How an Earthquake Affects the Biosphere and Hydrosphere

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The earth is made of huge moving pieces called tectonic plates that push against each other with great force. When one plate suddenly gives way to another, an earthquake occurs. Earthquakes affect the biosphere, the layer of Earth's surface in which life can exist. This includes all the water on or near Earth's surface, the hydrosphere. An earthquake's severity increases as its magnitude (its relative size as measured by a seismograph) increases and decreases as distance from the fault that caused it increases.

Seismic Waves

  • Most destruction of human lives in an earthquake results from the collapse of buildings, which is caused, in the language of physics, by a combination of body and surface waves. These waves cause the ground, and buildings resting upon the ground, to vibrate in a complex way. The waves travel up through building foundations and fight their inertia, or resistance to change. Stress is placed upon walls and joints, which destroys buildings that have not been built to withstand it.

Landslides

  • Earthquakes can cause several types of landslides. The most common type of earthquake-induced landslide is a rock fall that occurs on steep slopes. Soil avalanches can occur on steep slopes that are generally stable, but where the soil is fine-grained and not strongly held in place. Underwater landslides can occur in deltas and can be responsible for damage to port facilities, as happened in Seward, Alaska in 1964.

Liquefaction

  • Sandy soils that are normally stable and supportive can mix with water during an earthquake and become like quicksand --- similar to what happens when you wiggle your toes in sand near the waterline at the beach. The result is liquefaction, which can manifest in a number of ways. A lateral spread is the sideways movement of large areas of soil on a gentle slope. Soil can move from 10 to 150 feet and can be destructive to underground pipelines. A flow failure is a layer of intact material that rides above a layer of liquefied soil, on land or underwater. Moving at as much as tens of miles per hour, flow failures can be catastrophically destructive. Soil that normally supports a building or other structure experiences loss of bearing strength when liquefied, allowing the supported structure to settle and tip. Sand blows occur when prolonged shaking of liquefied strata causes eruption of water from the sand layer.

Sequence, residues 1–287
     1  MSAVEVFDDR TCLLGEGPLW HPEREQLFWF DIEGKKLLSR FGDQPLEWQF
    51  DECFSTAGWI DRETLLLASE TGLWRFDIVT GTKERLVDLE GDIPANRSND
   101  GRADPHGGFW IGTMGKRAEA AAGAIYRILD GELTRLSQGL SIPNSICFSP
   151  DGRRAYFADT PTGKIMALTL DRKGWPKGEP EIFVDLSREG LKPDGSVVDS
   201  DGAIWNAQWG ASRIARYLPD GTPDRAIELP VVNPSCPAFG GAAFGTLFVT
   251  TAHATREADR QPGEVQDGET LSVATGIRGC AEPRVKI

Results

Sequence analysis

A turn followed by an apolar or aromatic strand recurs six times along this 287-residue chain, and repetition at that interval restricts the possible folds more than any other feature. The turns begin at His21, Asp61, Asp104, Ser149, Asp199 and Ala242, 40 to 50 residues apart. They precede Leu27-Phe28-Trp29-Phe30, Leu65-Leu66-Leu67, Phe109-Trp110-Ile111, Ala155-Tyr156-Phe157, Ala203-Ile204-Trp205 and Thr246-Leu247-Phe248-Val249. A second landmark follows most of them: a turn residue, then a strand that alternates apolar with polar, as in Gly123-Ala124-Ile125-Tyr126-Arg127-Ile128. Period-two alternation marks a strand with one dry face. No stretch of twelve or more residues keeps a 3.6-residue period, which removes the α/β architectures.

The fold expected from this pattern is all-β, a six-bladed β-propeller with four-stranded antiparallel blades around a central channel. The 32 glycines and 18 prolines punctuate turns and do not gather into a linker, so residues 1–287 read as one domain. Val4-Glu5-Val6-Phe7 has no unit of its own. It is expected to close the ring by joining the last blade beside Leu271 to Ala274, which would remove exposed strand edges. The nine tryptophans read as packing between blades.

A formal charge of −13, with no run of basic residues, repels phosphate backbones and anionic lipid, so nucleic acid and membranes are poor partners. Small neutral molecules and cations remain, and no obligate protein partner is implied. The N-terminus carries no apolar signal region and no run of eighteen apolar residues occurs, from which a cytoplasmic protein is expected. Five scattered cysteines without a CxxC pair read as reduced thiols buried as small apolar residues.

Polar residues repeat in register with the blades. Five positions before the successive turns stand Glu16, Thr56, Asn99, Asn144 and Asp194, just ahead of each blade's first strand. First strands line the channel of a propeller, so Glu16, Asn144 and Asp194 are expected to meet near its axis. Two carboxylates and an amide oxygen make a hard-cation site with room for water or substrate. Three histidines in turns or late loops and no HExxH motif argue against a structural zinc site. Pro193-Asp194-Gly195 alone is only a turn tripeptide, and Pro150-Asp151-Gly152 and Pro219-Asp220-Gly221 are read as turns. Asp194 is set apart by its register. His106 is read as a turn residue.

Hydrosphere

  • Earthquakes may modify groundwater flow from springs by causing expansion and contraction of the aquifer from which the spring flows. The change may be either temporary or permanent. Earthquake faults may also result in offset stream channels and sag ponds, water that collects in the depression along a strike-slip fault line. By far the largest effect of earthquakes in the hydrosphere is the tsunami, which means "harbor wave" in Japanese. Tsunamis result from a sudden vertical shift in the ocean floor, usually where tectonic plates meet, that can be caused by an earthquake, a landslide or a volcano. A small wave, generally only a few feet tall, is generated. As the depth of water decreases near land, however, the height of the wave increases many times, and is capable of causing massive destruction hundreds or thousands of miles from the site of the earthquake. A miniature form of tsunami that can occur in lakes is called a seiche.

Landforms

  • Large earthquakes may increase the height of mountains by anywhere from a few inches to a few feet. When one side of a fault moves up relative to the other side of the fault, it creates a steep ridge called a scarp. As repeated earthquakes occur along a fault, the rock along the fault is broken and becomes subject to erosion that, over time, can form a valley in the fault zone. A fault can interfere with groundwater movement, raising or lowering its level and causing ponds or springs to form. A strike-slip fault on the surface of the ground displays as a long shallow disruption called a moletrack.

References

  • Photo Credit Jupiterimages/Photos.com/Getty Images
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